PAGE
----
It leads to a lot of unrest and anger. Not so much about the ‘special operation’, but about the chaotic mobilization. Once again, hundreds of thousands of young people, mostly men, are leaving the country. These people are constantly accused of treason on state television.

While the Kremlin celebrates the annexation of four Ukrainian territories with a demonstration on Red Square, the Russian army is losing more and more ground. The four annexed territories, which are not fully under Russian control, will never be returned, Putin says. In his speech about “the great historical Russia”, he quotes Soviet leader Stalin: “The West is waging a hybrid war against us, against our language, our culture, our norms and values. Those who are not with us are against us”.

There are again threats of ‘red lines’: if a Western missile lands on Russian territory (that includes the annexed Ukrainian regions), Russia will “react in any way possible”.

But even after this speech, Putin’s goals remain unclear. Is it now about ‘liberating’ the Donbas? To ‘rescue’ Russia from the ‘existential threat’ of the West, which wants to ‘destroy’ Russia? One thing is becoming increasingly clear: the fighting is going to go on for a long time, because giving up now would mean a crushing defeat.

In the fall, Russians learn that “de-Satanization of Ukraine” is the new goal of the operation. The collective West would like to impose its “depraved values” on the whole world, completely canceling Russian culture with all traditional values. And that would endanger the survival of Russia.

This latest narrative seems to convince the Russians of the importance of the ‘special operation’, which is now portrayed as a ‘sacred operation’. We also see the concrete consequences of this story in society. The law on ‘gay propaganda’ is being tightened and every talk show is talking about the alleged ‘lgbti ideology’ and ‘gay prides’ in Ukraine, as a symbol of the ‘Evil West’ that Russia is fighting against.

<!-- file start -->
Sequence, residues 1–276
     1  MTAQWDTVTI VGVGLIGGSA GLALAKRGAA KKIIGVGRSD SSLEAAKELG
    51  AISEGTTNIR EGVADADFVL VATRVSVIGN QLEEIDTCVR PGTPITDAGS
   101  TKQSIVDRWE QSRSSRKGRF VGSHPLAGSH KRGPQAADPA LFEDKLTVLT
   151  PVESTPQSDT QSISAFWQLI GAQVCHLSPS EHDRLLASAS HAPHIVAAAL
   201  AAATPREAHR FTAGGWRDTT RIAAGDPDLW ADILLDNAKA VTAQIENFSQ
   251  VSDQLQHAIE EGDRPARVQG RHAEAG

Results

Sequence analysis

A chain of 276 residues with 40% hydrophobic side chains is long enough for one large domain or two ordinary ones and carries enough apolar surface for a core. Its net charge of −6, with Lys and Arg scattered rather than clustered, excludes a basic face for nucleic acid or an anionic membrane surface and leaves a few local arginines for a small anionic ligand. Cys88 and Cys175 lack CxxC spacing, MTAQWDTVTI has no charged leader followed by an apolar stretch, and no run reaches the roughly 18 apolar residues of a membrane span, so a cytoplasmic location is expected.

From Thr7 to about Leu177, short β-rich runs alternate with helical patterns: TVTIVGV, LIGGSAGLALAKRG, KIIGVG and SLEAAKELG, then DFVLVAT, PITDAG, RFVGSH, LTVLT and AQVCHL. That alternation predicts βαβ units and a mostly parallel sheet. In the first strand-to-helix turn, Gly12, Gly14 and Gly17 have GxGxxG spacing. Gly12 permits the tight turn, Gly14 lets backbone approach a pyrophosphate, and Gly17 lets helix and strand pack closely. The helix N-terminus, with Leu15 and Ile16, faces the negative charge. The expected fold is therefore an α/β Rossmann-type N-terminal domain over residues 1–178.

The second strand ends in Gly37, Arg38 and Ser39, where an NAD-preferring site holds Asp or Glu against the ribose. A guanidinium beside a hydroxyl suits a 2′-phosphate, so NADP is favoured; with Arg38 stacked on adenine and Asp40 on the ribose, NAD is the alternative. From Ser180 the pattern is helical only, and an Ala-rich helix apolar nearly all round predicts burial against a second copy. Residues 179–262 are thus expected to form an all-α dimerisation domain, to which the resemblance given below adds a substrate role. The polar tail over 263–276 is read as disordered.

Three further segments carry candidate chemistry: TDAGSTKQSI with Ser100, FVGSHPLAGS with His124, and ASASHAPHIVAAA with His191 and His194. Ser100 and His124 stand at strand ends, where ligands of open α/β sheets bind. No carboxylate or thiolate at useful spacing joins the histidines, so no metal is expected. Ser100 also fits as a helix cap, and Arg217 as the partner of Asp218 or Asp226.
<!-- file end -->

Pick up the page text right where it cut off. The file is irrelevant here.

The increased Western arms support and the many tanks for Ukraine are seen by Moscow as confirmation of this Russian story: the entire West is fighting Russia in Ukraine. “It is unbelievable, but true: we are again threatened by German Leopard tanks,” Putin said. He increasingly calls the battle a continuation of the Second World War.

Most Russians still living in the country believe in this enemy image: the West supplies weapons and that leads to escalation and it wants to destroy Russia with unprecedented sanctions. And Putin “indeed had no choice”: the ‘special operation’ had to be launched, otherwise NATO would have invaded Russia last year. A parallel reality has become reality.

Aggressive rhetoric

Violence and aggressive rhetoric are the new normal. Those who die for the motherland are the real heroes. People who criticize or have fled the country are not patriots but traitors. Many Russians choose to ignore facts and regard them as fake news from the enemy.

According to Putin, the targets are now “a state secret”. The editor-in-chief of the state broadcaster RT (former Russia Today) Margarita Simonyan recently claimed that Putin is deliberately using the vague notions of “demilitarization” and “denazification” so that Russia “has flexibility as things unfold.”

So what the end goal is is becoming increasingly unclear. But it is certain that Russia is preparing for a long battle. Putin announced army reforms in December, the entire economy must be in the service of the army, and society is becoming even more militarized.

With that, the Russian story has changed in one year from a brief ‘special military operation’ in Ukraine to a protracted war against the collective West for the survival of holy Russia. With all its consequences.